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FRP panels used in two bridge renovations

Composite Advantage announced the completion of two new FRP bridge projects employing the its FiberSPAN fiber reinforced plastic composite deck material.
#adhesives #infrastructure #sustainability

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Composite Advantage (Dayton, OH, US) recently announced the completion of two new FRP bridge projects employing the company’s FiberSPAN FRP composite deck. The supplier has been developing lightweight, high-strength, cost-effective FRP products for structurally demanding applications and corrosive environments since 2005.

FRP bridges

Blackfriars Bridge gets new FRP deck. (Source | Composites Advantage)

Blackfriars Bridge (London, Ontario)

In October, Composite Advantage announced that a 143-year-old wrought iron bowstring arch-truss bridge in London, Ontario was given a new deck. In 2017, the City of London, Ontario launched a $7.9 million project to remove, dismantle and rehabilitate Blackfriars Bridge – Ontario’s oldest working crossing. Concrete combined with current traffic loads proved too heavy for the historic structure. London-based Dillon Consulting (London, Ontario, Canada) and the City of London selected Composite Advantage’s fiber reinforced polymer (FRP) FiberSPAN deck following research and study of the product’s performance on two Ottawa vehicle bridges. 

“FRP panels are 80% lighter than reinforced concrete panels,” says Composite Advantage President Scott Reeve. “The goal was to preserve as many of the original components as possible such as the structure’s arches, lattice work and pedestrian railing. The design flexibility of FRP allowed us to mesh advanced composite material with Blackfriar’s original components to retain the beauty of the architecture while giving it long-lasting performance.”

Design requirements included a design vehicle loading of 75% of CL3-625-ONT with a 1.3 dynamic load allowance and a 0.9 environmental durability factor. Allowable stress design (ASD) standards and limit states design (LSD) determined safety factors which were compared to design strain requirements. Traditional beam bending equations were used to analyze FiberSPAN deck panels constructed as a series of closely spaced I-beams. Panels met an L/500 deflection. Bending strain/shear strain was less than 20% under the service load plus dead load. Minimum fatigue life was rated at 2,000,000 cycles. Panels were designed to a temperature differential of 60°C. The design allows the bridge deck to move independently of steel beams in the longitudinal direction.

The 221.5-ft long FRP deck was installed on Blackfriars’ rehabilitated steel truss. Direct bolting of the 17.5 ft-wide panels was designed to handle braking loads while connection clips resist uplift and lateral movement of the bridge. Panel widths ranged from 7 inches to 9 inches thick with a molded in crown. Curbs, integrally molded into the FRP deck, were covered with 3/8-inch thick 304 stainless steel plates to protect from wheel impacts and snow plows. The FRP deck was given a dark aluminum oxide wear surface. The large prefabricated FRP panels eliminate the labor and hours associated with assembling multiple pieces or pouring concrete.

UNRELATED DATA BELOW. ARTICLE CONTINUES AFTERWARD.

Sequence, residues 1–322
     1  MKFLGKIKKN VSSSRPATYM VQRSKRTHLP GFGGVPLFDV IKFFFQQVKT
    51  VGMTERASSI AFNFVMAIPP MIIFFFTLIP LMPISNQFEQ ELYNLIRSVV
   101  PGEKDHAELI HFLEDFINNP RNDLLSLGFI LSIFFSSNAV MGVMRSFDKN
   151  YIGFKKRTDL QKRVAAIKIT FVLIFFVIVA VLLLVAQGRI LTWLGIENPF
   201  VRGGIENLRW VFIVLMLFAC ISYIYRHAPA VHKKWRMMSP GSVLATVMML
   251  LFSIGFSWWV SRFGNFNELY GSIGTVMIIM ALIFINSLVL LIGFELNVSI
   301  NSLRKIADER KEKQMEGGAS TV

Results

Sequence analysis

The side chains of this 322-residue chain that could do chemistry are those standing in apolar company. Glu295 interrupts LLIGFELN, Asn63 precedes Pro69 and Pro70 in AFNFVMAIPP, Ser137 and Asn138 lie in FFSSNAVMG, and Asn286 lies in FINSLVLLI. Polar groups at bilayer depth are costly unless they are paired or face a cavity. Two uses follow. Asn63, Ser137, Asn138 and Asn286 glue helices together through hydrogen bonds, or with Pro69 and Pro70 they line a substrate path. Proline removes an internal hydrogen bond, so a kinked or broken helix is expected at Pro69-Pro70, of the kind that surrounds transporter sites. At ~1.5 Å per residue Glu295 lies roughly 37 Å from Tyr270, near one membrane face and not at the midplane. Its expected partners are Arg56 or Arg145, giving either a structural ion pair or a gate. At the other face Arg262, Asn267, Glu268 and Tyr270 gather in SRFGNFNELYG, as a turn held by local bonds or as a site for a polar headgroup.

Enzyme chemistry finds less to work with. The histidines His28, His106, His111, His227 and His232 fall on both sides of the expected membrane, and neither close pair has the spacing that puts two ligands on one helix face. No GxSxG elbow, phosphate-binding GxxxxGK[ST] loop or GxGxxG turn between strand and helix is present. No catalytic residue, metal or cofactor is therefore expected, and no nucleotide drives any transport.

FRP bridges

Peevy Road Bridge (Montgomery County, PA, US) gets FRP deck. (Source | Composites Advantage)

Peevy Road Bridge (Montgomery County, PA, US)

In November, Composite Advantage announced the reopening of historic County Bridge 231, also known as the Peevy Road Bridge in Montgomery County, PA, US. The structure was built in 1880 by Columbia Bridge Works (Dayton, OH, US). David Morrison’s prescient Pratt truss design employed pairs of small rolled I-beams held together by square blocks placed between the sets. In 2016, due to rusted steel, it was determined the bridge required a lightweight, high-strength fix.

The design flexibility of FiberSPAN allowed Composite Advantage to accommodate a depth limit dictated by approach roads, match grating depth, meet load requirements and provide a solid surface deck to protect steel undergirding. FRP panels were 15 ft wide by 11 ft long with deck thicknesses that varied from 5 inches to 6 3/8 inches. The FRP vehicle deck was built with a flat bottom and a 1.5% crown. A 3/8-inch aluminum oxide overlay was applied to the deck panels to provide a safe driving surface capable of supporting large snow plows. Deck connections consisted of 304 stainless steel clips for long term durability. Panel to panel joints were ship lapped, bolted and bonded with MMA adhesive.

The FRP vehicle deck was built to meet AASHTO HS-20 vehicle plus impact loading with a 0.9 environmental durability factor; L/400 maximum deflection, a service load plus dead load with a bending strain/shear strain maximum of 20%t and a dead load with bending strain/shear strain maximum of 10%.  Panels were designed for a 100°F temperature variation and a minimum fatigue life of 2,000,000 cycles. The panels meet class 2 fire resistance per ASTM 3-84.

Peevy Road Bridge re-opened to traffic in October.  Composite Advantage estimates FRP will protect the bridge’s steel skeleton and extend the structure’s life by another 100 years.
 

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